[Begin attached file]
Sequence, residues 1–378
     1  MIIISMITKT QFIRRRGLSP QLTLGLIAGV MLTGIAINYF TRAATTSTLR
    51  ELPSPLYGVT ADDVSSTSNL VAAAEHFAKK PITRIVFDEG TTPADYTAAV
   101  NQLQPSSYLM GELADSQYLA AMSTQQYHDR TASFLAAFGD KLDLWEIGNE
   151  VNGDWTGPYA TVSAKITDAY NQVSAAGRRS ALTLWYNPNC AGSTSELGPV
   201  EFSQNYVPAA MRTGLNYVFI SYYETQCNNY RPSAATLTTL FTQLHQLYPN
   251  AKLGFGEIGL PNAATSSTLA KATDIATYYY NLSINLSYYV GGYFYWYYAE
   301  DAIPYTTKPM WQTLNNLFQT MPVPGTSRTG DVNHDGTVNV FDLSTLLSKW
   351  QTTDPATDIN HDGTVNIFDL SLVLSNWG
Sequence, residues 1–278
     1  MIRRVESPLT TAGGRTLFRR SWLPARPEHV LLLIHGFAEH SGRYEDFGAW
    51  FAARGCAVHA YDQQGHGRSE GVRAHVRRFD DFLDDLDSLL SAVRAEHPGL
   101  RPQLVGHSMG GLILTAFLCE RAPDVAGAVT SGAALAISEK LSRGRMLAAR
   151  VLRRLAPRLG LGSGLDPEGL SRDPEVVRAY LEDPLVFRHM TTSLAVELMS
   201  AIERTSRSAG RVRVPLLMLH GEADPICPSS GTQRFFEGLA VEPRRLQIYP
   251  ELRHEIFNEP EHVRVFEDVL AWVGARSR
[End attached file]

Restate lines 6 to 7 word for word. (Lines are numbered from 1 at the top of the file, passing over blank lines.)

   201  EFSQNYVPAA MRTGLNYVFI SYYETQCNNY RPSAATLTTL FTQLHQLYPN
   251  AKLGFGEIGL PNAATSSTLA KATDIATYYY NLSINLSYYV GGYFYWYYAE